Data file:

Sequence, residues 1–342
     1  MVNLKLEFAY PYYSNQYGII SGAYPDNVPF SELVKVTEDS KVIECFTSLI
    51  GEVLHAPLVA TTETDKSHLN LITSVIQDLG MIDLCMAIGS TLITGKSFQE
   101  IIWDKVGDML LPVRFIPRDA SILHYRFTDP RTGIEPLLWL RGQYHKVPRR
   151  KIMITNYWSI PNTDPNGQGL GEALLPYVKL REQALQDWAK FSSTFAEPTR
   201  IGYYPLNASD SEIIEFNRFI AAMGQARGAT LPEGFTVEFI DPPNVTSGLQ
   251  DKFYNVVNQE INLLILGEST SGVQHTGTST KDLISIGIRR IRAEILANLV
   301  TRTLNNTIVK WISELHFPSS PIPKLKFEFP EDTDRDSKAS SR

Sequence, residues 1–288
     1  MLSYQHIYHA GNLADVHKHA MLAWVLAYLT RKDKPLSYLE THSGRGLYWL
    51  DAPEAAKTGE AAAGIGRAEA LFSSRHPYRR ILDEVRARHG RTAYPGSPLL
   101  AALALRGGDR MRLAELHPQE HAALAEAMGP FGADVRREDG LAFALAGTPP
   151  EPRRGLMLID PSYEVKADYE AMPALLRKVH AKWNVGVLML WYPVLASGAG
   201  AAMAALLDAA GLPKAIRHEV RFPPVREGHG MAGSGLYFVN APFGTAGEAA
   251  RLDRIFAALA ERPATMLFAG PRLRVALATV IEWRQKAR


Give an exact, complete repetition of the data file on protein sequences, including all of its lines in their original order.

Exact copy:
Sequence, residues 1–342
     1  MVNLKLEFAY PYYSNQYGII SGAYPDNVPF SELVKVTEDS KVIECFTSLI
    51  GEVLHAPLVA TTETDKSHLN LITSVIQDLG MIDLCMAIGS TLITGKSFQE
   101  IIWDKVGDML LPVRFIPRDA SILHYRFTDP RTGIEPLLWL RGQYHKVPRR
   151  KIMITNYWSI PNTDPNGQGL GEALLPYVKL REQALQDWAK FSSTFAEPTR
   201  IGYYPLNASD SEIIEFNRFI AAMGQARGAT LPEGFTVEFI DPPNVTSGLQ
   251  DKFYNVVNQE INLLILGEST SGVQHTGTST KDLISIGIRR IRAEILANLV
   301  TRTLNNTIVK WISELHFPSS PIPKLKFEFP EDTDRDSKAS SR

Sequence, residues 1–288
     1  MLSYQHIYHA GNLADVHKHA MLAWVLAYLT RKDKPLSYLE THSGRGLYWL
    51  DAPEAAKTGE AAAGIGRAEA LFSSRHPYRR ILDEVRARHG RTAYPGSPLL
   101  AALALRGGDR MRLAELHPQE HAALAEAMGP FGADVRREDG LAFALAGTPP
   151  EPRRGLMLID PSYEVKADYE AMPALLRKVH AKWNVGVLML WYPVLASGAG
   201  AAMAALLDAA GLPKAIRHEV RFPPVREGHG MAGSGLYFVN APFGTAGEAA
   251  RLDRIFAALA ERPATMLFAG PRLRVALATV IEWRQKAR